Quarantine Photography, Part 1

I’ve always really enjoyed the aesthetic of out of focus lights in photography, in particular the hyperspecific subgenre of shot whereby someone inside a rain-slicked car at night takes a photo looking out the car, focused on the water droplets with the lights of other cars and the city blurry in the background. I’ve got a long-term goal to try and recreate that very particular sort of image in a studio setting but in the meantime I thought I’d play around with some Christmas lights to see what I could do with the bits and bobs I had laying around my apartment.

For all these setups I was using my Nikon D3300 with a Nikon AF-S DX Nikkor 35mm lens that had that widest aperture available off any lens in my kit at f/1.8, along with a Nikon MC-DC2 wired remote, and all of this mounted on a Dolica Proline tripod.

Trial 1: The hallway

My first crack at this was to run a bit of rope between a couple of command hooks in my hallway and drape the lights over the rope loosely. The camera got set up at the other side of the hallway and I took a few shots with varying densities of lights (1 string, 2 strings, etc.) and different focus points to get smaller or larger circles of light.

This turned up some pretty decent first attempt shots. The gallery below includes the raw images, devoid of any editing.

Trial 2: The Hallway

I enjoyed the randomness of the just sort of tossing some lights up and seeing what came up out of them but wanted to see what I could do about trying to exert more control over the lights, perhaps try and play with patterns and add a bit of precision. So to that end I came up with a plan to take a bit of cardboard and use an awl and T-square to create a fairly precise 10×10 grid of points 2 inches apartment. I was thinking I could “sketch” out designs using a spreadsheet which seemed like an easy way to create and record designs.

This more or less worked, with some major caveats. The advantage to this set up is being able to customize the strings of lights with specific patterns of colors, and this is where the seams start to show in the plan because Christmas lights are fiddly little bastards. My first crack at this ended with me getting my pattern all set up and then plugging it in only to find the stretch of the string that I had just meticulously planned out stubbornly refused to light. The lights also have a tendency to seat at different angles due to the tension from the wire on them so they don’t uniformly point forwards. This worked, but seemed like more of a pain than it might be worth, but resulted in some decent shots (again all unedited):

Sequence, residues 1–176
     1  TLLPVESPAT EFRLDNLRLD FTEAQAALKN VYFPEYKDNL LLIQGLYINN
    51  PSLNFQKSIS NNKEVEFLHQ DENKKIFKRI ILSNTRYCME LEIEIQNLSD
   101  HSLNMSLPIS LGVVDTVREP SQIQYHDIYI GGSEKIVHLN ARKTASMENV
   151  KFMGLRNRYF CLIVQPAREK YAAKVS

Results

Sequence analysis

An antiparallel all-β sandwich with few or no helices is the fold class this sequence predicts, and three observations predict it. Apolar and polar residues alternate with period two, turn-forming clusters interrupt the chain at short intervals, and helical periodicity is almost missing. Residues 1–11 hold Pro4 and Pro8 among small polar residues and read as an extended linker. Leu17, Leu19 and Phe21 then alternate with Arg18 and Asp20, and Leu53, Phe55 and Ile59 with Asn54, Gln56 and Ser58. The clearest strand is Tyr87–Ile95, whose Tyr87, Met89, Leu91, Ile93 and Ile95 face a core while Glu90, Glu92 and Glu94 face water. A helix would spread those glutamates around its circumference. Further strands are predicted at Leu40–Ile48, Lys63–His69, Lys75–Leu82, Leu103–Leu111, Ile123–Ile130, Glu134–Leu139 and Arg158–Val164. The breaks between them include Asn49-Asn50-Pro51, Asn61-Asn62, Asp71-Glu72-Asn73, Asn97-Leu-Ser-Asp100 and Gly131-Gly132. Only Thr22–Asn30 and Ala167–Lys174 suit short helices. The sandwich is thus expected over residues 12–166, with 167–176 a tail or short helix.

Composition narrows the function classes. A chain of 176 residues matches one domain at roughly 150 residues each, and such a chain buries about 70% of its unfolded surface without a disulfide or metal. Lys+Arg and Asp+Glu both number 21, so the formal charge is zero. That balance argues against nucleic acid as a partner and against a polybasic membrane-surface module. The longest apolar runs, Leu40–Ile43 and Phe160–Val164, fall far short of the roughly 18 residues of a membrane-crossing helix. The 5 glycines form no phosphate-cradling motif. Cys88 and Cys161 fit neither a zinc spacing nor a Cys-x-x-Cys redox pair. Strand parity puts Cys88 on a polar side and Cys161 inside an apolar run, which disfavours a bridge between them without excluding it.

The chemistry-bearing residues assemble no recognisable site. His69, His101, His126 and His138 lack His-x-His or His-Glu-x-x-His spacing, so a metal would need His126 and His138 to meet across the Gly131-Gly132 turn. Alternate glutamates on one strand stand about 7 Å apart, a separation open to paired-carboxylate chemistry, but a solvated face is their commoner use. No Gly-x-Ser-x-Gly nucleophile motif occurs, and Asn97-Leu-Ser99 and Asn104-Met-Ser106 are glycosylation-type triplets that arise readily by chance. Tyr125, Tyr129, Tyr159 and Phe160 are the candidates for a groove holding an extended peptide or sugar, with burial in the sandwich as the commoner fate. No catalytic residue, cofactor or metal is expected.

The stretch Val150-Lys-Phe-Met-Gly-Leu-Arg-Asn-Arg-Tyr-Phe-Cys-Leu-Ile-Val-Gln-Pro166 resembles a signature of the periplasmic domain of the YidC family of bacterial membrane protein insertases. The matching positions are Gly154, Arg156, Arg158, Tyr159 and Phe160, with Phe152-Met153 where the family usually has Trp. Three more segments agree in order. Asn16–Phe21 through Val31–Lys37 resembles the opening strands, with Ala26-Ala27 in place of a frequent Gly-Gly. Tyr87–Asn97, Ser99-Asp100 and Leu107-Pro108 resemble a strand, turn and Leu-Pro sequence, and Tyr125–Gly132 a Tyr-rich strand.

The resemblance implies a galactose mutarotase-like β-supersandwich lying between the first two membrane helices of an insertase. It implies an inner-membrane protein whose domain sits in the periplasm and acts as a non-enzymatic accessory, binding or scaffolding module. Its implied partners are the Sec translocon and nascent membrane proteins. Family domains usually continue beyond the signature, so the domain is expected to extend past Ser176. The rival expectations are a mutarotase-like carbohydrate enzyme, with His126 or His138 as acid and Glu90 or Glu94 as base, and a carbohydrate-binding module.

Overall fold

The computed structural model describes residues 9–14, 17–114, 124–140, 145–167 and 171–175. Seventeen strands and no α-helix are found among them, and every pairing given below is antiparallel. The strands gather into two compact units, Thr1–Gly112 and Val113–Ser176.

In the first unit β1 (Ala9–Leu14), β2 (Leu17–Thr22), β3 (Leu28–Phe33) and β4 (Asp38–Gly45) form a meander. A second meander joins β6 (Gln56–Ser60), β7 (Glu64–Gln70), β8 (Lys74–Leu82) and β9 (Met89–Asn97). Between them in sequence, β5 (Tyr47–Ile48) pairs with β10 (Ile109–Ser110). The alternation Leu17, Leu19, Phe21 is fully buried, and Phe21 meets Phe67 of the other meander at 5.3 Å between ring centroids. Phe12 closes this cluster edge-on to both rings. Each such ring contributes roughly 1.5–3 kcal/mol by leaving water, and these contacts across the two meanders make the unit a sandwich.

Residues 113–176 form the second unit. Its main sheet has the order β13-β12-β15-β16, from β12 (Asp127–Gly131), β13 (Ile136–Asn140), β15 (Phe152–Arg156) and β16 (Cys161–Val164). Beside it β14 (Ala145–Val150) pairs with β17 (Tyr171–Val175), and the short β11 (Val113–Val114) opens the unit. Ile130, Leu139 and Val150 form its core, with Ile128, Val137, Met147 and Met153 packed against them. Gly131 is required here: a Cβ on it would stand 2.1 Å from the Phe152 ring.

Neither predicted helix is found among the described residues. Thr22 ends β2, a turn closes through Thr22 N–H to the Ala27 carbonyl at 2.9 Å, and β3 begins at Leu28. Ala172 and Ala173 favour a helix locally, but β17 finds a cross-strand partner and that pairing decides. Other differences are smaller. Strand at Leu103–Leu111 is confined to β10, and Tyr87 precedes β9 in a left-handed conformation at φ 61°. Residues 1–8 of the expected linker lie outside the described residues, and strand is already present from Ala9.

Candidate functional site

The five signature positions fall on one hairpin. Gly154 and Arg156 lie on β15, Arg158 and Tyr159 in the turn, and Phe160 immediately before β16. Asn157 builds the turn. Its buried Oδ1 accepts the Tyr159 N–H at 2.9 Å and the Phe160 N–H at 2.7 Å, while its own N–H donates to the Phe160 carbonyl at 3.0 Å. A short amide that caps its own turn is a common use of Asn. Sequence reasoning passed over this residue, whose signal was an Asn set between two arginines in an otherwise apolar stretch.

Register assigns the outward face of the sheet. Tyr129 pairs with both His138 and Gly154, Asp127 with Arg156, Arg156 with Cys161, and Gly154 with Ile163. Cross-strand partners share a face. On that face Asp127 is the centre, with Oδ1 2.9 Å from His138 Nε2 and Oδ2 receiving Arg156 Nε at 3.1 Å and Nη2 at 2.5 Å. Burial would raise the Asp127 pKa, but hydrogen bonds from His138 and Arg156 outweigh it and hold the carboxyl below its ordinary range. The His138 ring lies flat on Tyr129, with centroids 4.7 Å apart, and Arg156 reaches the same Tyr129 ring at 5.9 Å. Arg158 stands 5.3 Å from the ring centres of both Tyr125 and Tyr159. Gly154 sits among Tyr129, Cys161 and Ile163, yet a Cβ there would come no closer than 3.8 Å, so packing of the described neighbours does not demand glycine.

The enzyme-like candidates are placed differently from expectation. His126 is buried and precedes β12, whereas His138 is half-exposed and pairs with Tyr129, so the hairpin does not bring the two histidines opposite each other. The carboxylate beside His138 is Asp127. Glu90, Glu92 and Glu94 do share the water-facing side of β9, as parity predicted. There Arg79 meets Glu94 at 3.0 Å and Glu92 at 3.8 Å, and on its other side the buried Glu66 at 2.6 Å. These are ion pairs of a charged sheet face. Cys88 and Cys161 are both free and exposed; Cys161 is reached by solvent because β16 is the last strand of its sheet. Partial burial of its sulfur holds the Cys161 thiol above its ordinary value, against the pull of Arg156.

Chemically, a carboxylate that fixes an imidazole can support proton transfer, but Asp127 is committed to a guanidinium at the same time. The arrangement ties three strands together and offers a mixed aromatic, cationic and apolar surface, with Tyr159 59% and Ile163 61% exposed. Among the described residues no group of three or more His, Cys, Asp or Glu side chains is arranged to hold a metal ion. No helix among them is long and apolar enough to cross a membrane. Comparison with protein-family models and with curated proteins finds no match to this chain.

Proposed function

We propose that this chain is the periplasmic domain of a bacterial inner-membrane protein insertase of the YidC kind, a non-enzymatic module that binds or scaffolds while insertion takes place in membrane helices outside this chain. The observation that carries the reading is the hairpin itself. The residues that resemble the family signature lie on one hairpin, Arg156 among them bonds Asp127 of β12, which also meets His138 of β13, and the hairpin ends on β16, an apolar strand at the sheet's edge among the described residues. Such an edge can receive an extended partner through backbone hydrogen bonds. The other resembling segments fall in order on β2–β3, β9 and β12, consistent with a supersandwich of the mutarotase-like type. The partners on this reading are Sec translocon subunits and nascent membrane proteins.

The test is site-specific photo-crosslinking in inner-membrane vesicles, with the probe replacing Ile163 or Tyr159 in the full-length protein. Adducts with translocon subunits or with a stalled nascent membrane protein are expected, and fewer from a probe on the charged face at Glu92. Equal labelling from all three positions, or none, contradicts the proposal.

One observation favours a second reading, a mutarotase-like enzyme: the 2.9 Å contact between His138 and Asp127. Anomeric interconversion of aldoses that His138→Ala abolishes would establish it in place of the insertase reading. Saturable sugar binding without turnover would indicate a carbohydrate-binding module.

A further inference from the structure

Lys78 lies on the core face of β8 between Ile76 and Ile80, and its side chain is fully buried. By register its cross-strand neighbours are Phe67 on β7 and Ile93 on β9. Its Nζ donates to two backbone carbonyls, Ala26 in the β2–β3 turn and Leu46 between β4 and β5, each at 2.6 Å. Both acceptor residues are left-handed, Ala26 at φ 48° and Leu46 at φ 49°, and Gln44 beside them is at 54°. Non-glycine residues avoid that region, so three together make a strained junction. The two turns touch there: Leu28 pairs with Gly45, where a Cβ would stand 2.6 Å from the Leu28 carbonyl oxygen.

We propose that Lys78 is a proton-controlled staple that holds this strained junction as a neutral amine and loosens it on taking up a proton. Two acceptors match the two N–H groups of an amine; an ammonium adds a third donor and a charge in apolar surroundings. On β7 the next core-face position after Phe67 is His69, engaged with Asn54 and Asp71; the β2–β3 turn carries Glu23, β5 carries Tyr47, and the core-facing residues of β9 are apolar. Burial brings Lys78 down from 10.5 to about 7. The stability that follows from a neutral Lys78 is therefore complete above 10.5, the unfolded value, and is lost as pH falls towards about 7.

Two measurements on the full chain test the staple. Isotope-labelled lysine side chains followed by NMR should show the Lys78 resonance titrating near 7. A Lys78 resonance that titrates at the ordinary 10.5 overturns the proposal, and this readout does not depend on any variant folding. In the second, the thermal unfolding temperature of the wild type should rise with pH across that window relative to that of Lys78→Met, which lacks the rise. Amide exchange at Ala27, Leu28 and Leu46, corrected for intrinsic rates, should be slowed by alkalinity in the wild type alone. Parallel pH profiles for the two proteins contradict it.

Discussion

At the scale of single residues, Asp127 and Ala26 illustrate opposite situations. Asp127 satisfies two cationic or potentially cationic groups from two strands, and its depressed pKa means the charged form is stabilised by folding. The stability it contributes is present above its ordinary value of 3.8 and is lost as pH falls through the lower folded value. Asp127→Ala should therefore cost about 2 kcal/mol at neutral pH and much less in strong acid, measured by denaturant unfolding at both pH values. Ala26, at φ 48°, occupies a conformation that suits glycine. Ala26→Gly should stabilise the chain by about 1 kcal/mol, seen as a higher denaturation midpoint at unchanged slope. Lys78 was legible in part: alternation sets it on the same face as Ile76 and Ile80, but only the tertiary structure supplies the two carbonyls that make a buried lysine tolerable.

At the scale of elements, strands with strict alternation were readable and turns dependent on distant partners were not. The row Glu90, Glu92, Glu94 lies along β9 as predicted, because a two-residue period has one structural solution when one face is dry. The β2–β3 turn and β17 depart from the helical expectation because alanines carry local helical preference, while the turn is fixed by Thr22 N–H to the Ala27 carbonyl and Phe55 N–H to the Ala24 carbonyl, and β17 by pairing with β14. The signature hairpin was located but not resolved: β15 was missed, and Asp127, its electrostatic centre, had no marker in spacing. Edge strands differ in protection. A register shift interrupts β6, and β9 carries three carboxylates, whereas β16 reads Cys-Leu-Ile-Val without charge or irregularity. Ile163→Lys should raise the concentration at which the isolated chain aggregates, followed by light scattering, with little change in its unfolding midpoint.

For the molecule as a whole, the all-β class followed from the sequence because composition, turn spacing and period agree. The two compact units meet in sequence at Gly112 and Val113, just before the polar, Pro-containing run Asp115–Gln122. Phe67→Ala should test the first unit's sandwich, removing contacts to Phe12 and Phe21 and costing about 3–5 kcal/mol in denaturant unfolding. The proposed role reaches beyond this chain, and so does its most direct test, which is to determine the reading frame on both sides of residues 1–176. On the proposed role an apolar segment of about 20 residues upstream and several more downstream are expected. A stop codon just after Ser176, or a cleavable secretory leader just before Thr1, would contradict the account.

The real kicker though was when I first set this up; I get all the lights in place, I plug them in, they finally light up correctly, and then I come around to see how they look and it hits me like a thunderbolt: I’ve recreated a very low-rent version of a 50-some odd year old toy.

Courtesy Amazon

Trial 3: The Toy

Why go to all the effort of recreating this effect if there is already something out there that will make the process much easier, not to mention it’s only fifteen bucks at Target. Thus:

I’m going to do more testing with this tonight when it gets dark, but I dragged my new children’s toy and camera into the bathroom just to see how it would perform and the results were definitely mixed.

I’m wondering if the Lite-Brite I got was defective or if you really just can’t expect much out of a toy, but the lighting was really uneven. Some areas were quite bright, while others barely lit up at all. Luckily the most important part of this set up isn’t really the lighting, it’s the purpose built plastic peg and board setup. I’m fairly confident I can just crack this thing open and maybe even rip out the lighting and just absolutely fill the interior with LED strip lights for more powerful and consistent light.

In the meantime if curious, the edited and finished images can be found at the following Google Photo albums.